🥰Love can be soft, hard, strong, fierce and bold.

Your horse has priorities. These are like rungs on a ladder, and when you skip one, things don’t work well.

Many empathetic riders accidentally skip the second rung.

They want their horse to feel safe and secure, but they make the mistake of trying to create safety with ‘soft’ love.

Love is amazing, but it also appears in various ways.

Love can be a kind hug, a good brushing, an extra scratch.

Love can be cleaning a stall or doctoring a wound.

Love can be getting some exercise, or cutting back on pasture time to prevent obesity and founder.

Love can be soft, hard, strong, fierce and bold.

Many times when we look at our horses, we want love to be soft, warm, and sweet… like a muzzle.🥰

And we forget that they are looking back at us, wondering what we are made of.

In the quiet moments, all seems well.

💥But when a loud noise cracks, or another horse bolts, or an unexpected event happens, they aren’t searching for soft. They are looking for strong.

And they will either find it from you, or they will look elsewhere. To a herd mate, or to their own decision; to bolt, to balk, to leave.

When your horse tests you, he is looking for safety. If you can handle him, you can probably handle that ‘thing’ too.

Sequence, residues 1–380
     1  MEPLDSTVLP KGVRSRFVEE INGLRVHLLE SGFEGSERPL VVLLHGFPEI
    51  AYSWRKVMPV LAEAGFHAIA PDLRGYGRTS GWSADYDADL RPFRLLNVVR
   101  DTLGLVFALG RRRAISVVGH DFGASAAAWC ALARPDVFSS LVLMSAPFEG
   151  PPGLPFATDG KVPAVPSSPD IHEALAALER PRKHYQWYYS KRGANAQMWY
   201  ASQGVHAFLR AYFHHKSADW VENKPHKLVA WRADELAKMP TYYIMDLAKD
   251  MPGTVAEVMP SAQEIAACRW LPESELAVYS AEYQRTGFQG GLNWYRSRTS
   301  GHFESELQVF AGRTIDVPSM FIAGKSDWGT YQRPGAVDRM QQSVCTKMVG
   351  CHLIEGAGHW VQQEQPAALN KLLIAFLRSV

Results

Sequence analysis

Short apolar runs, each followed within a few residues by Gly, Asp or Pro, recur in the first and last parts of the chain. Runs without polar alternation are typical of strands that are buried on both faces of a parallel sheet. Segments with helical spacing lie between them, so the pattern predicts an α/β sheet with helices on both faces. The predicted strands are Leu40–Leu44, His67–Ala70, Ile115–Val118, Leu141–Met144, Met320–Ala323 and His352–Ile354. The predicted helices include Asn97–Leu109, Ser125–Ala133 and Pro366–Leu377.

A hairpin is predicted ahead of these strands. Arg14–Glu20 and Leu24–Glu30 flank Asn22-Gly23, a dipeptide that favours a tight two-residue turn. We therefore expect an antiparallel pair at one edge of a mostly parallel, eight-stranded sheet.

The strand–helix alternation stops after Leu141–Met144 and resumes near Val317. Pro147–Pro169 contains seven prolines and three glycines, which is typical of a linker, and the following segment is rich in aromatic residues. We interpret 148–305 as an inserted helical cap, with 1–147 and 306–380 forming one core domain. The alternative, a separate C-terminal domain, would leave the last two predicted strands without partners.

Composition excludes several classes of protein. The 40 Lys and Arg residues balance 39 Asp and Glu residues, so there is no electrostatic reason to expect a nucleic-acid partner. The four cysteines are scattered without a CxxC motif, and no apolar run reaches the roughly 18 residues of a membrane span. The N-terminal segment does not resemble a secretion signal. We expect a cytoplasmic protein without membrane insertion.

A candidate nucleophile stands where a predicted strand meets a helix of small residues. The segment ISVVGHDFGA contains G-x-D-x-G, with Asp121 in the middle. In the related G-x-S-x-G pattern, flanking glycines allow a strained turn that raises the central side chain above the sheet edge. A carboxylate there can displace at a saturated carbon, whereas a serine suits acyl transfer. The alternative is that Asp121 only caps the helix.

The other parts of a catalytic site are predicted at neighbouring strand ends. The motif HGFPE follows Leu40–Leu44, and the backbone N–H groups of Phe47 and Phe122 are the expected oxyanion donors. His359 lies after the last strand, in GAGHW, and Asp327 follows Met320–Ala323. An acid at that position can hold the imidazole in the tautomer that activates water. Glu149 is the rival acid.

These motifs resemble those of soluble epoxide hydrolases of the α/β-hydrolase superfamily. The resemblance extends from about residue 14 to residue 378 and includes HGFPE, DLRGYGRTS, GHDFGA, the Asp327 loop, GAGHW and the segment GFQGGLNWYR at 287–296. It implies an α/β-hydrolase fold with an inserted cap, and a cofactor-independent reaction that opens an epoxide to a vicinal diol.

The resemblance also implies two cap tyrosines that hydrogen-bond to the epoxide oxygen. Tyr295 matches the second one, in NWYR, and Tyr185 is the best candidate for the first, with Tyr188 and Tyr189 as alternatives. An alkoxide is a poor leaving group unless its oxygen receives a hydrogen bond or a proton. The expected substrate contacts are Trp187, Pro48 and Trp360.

❤️ Love him stronger in those moments.

The love that a teacher has for a student when they challenge her to do more.

The love a coach shows when they ask an athlete for ‘just one more’, revealing to the athlete that they had one more in them.

Love that is fierce, strong and bold is what creates safety for your horse.
They are not repelled by this energy, they are drawn to it.

Fierce doesn’t mean forceful, strong doesn’t mean harsh, bold doesn’t mean crude… not when they are delivered with love.

Your horse can handle strong. In fact, he’s looking for it.

Don’t skip creating safety for your horse. Show up stronger for him, and you.

You’ll be amazed at how horses are drawn to this kind of love.

Ride with Faith,

Stacy Westfall

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No one taught you the skills you need to work through these things.

Riders often encounter self-doubt, fear, anxiety, frustration, and other challenging emotions at the barn. The emotions coursing through your body can add clarity, or can make your cues indistinguishable for your horse.

Learning these skills and begin communicating clearly with your horse.

Click here to learn more.



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